Japan Kyushu Miyazaki Waterfalls

Takachiho Revisited

September 17, 2014

When I first visited Takachiho back in July, it left quite an impression on me. I knew I wanted to go back and explore more of the area, so when a friend and fellow blogger, Lauren, invited me along on her birthday trip to the Land of the Gods, my answer was immediately yes.

We headed to the gorge first. Being a long weekend, the parking lot was already full of people lining up for a shuttle bus. We decided to walk it and a few members of our group hurried ahead to put our names down for boats. The wait would be 4.5 hours.

I didn’t mind so much; I got to explore more of the area. I discovered a roadside waterfall and another viewing deck higher up that I missed the first time around. We  walked through the little curio chops and food stalls, which serve fresh savoury mochi.

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We also decided to have lunch while we waited. I was really excited about this bit – walking around up and down stairs had worked up my appetite and I had heard about a somen restaurant that sent your lunch swimming down a bamboo trough.

Somen are long, thin wheat noodles usually served in a flavoured broth. Dousing them in boiling water and then placing them in cold spring water is a cooking method native to Takachiho.

There are actually two restaurants side by side that serve the speciality; each of them has a counter with bamboo troughs on either side.

We were seated and then given dipping bowls of spring onion and ginger broth. The noodles come down the trough pretty fast and it took me a few turns to get the hang of it; you have to place your chopsticks in the centre of the trough as a wall, and wait for the noodles to dam before scooping them up into your dipping bowl. Luckily, there are woven baskets at the end of the troughs to catch any noodles you miss.

It was a delicious and unique dining experience, and for only ¥500 ($4.66), a really good deal.

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After lunch, we had a few more hours to wait before heading down to the boats. Each boat can seat up to 3 people and costs ¥2000. Again, a really good deal, because the experience of rowing through the gorge is incredible.

For a second time, I was in complete awe of Mother Nature.

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After the boat ride, we headed to the Amanoiwato Shrine, which is about 10km (6.21 mi) outside of central Takachiho. The shrine venerates a nearby rock cave, where the sun goddess Amateasu is said to have hid after a fued with her brother, Susanoo.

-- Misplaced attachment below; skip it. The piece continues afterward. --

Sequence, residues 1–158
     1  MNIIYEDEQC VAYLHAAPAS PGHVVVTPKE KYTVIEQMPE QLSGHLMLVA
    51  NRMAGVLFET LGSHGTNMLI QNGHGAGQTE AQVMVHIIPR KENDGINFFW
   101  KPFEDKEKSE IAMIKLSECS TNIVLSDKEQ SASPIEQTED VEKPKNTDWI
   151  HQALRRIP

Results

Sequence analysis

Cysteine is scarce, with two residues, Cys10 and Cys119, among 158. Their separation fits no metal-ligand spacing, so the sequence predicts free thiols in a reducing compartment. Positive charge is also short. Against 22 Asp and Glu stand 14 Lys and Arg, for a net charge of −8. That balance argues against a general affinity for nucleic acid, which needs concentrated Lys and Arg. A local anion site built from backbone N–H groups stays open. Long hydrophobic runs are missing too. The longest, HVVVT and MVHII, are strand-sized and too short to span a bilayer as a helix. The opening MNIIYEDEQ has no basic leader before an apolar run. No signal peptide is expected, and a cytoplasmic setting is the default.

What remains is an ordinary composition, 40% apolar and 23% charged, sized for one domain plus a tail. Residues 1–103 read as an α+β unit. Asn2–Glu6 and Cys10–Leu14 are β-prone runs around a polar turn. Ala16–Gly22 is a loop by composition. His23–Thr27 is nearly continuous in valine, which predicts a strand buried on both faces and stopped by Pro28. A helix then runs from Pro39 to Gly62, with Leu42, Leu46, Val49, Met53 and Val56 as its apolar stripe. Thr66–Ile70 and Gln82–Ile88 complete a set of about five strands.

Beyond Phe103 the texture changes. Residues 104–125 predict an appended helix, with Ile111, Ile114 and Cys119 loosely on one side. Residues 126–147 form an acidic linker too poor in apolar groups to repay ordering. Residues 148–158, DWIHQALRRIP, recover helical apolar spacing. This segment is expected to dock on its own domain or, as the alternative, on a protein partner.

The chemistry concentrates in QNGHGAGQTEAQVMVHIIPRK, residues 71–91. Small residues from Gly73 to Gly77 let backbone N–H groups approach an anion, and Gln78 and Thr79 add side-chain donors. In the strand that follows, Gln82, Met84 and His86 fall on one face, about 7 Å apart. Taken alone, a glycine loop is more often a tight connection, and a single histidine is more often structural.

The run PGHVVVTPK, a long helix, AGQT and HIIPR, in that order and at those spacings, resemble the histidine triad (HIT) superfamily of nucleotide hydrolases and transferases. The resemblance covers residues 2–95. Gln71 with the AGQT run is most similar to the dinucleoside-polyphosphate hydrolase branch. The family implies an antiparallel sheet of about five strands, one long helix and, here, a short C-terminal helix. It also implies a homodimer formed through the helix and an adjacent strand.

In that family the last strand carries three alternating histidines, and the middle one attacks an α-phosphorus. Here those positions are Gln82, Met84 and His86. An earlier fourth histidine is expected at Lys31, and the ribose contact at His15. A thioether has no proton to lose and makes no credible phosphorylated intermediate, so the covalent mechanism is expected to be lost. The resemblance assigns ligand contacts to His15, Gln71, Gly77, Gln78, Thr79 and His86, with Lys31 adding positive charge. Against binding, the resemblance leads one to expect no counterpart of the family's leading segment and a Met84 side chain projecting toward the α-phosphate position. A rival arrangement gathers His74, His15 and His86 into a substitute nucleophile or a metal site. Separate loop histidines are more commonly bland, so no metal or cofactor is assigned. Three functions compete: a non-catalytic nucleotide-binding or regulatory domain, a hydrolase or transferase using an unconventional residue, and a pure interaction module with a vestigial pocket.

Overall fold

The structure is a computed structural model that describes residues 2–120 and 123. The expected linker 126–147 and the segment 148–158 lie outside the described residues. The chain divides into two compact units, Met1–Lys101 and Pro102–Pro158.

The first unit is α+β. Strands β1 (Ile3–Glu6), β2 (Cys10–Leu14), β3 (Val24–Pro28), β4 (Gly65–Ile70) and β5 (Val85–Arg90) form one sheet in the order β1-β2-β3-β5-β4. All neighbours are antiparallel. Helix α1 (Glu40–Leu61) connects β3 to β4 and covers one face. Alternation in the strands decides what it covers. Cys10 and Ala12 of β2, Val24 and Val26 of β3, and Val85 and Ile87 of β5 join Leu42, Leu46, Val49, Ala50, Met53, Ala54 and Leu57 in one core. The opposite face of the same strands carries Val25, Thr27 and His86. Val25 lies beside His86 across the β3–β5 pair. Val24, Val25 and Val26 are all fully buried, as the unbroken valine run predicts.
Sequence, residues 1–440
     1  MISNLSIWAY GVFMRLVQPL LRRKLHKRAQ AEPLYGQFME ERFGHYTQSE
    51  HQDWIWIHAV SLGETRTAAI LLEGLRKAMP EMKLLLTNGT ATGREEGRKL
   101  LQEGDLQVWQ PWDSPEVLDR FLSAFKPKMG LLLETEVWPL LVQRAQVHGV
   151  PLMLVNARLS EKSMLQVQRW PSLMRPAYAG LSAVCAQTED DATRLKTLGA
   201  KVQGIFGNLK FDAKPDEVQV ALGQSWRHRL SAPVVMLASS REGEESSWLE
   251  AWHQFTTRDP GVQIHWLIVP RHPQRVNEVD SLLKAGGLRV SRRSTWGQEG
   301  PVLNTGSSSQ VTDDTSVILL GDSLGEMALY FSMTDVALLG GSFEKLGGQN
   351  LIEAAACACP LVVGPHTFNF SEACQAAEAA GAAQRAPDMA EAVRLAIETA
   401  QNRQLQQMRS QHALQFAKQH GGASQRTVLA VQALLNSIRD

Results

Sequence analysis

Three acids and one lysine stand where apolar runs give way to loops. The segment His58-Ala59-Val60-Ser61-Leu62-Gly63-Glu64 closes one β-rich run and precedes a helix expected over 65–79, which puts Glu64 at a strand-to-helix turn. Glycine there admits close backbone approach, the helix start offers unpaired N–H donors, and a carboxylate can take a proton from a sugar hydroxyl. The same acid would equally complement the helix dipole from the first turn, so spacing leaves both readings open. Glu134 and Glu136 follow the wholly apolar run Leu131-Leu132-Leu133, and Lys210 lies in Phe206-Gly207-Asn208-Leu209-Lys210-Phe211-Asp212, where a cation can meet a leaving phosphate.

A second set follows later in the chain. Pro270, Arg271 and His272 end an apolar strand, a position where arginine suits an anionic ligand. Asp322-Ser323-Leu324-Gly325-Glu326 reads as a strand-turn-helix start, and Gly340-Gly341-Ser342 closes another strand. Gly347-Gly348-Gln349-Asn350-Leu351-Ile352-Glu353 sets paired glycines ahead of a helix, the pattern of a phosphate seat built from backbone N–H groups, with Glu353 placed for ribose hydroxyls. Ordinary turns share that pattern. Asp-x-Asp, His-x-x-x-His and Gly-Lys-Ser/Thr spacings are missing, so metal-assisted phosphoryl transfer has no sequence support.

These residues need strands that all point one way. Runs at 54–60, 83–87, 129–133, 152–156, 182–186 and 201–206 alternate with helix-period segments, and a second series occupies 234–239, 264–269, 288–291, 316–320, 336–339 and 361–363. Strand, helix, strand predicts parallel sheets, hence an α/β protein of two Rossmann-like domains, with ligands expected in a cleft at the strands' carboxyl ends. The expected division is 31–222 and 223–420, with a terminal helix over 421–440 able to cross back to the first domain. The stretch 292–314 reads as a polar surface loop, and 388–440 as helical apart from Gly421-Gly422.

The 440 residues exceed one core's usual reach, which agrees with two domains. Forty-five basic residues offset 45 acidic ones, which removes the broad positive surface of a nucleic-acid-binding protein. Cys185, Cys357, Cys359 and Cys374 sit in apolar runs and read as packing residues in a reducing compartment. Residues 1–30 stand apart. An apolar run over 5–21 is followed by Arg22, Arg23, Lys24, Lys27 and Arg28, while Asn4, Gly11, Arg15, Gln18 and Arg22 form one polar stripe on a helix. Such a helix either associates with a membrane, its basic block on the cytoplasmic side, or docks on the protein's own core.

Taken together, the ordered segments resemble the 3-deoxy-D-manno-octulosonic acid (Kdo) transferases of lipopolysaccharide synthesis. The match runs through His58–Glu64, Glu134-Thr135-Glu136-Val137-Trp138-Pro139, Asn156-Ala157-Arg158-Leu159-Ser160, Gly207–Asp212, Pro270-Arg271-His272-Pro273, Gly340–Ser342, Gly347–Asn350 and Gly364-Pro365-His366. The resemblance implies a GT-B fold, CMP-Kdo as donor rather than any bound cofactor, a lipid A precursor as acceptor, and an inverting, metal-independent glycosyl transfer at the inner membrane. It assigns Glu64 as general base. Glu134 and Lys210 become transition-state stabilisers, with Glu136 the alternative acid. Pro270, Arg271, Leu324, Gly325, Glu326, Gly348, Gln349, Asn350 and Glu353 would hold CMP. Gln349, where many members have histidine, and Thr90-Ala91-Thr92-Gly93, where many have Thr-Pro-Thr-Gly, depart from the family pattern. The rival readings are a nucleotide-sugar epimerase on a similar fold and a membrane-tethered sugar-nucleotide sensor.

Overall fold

Amaterasu was given rule over the skies by the god, Izanagi. This did not make Susanoo happy, and after his numerous complaints, Izanagi banished him to Yomi. Susnoo acquiesced, but first visited his sister for one last time.

Amaterasu questioned her brother’s intentions and challenged him to prove his good faith. The two competed as to who could produce more divine children; Amaterasu produced three goddesses from her brother’s sword and Susanoo produced five gods from Amaetasu’s ornamental chain.

Amaterasu was adamant that she had won, claiming title to the gods made from her belongings. This caused Susanoo to fly into a fit of rage, wreaking havoc across the heavens.

Amaterasu fled into a cave and the world fell under darkness. On earth, crops died and the people began to suffer. The other gods met and devised a plan to lure Amaterasu out of the cave.

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The cave is a ten-minute walk from the shrine, at the end of a path that runs through little ice cream shops and curio stands. At first, this makes it seem like just another tourist attraction, but as you walk, the rest of the world starts to disappear.

The cave is located in a hidden otherworld, something akin to the scenery in Lord of the Rings. A bridge transports you across a brook that meets another, and when you round the corner, the gate of the shrine greets you in all its glory.

Thousands of stacked rocks spill out of the cave. These iwasaka were made during ancient times by worshippers hoping to invoke the presence of deities.

If you stand still for a second, and look out to the river, you can feel the energy of the place. Divine or not, it is breathtaking.

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After grabbing dinner at a local udon shop, Marason-tei (マラソンー亭), we headed to Takachiho Shrine to see the Kagura Dance.

Kagura is a shortened version of the 33-part Yokagura Dance, which has been passed down from generation to generation as a representation of what the gods did to lure Amaterasu out of the cave.

The 4-part Kagura performance is held every evening from 20:00 – 21:00 at the shrine and costs ¥700.

The first part is the Dance of Tajikarao, who went searching for Amaterasu when she disappeared and suspected she might be hiding in the Amenoiwato cave.

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The second part is the Dance of Amenouzume, which was so amusing, the laughter of the other gods made Amaterasu peek out of the cave in curiosity.

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The third part is the Totori Dance. When Amaterasu peeked out from the cave, the god Tajikarao removed the stone doors and carried them away.

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The last part is the Goshintai Dance and shows the creators of Japan, Izanagi and Izanami, making sake and drinking it.

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The two dancers then came out into the audience, offering sweets and posing for photos with visitors. It was the perfect end to an incredible day.

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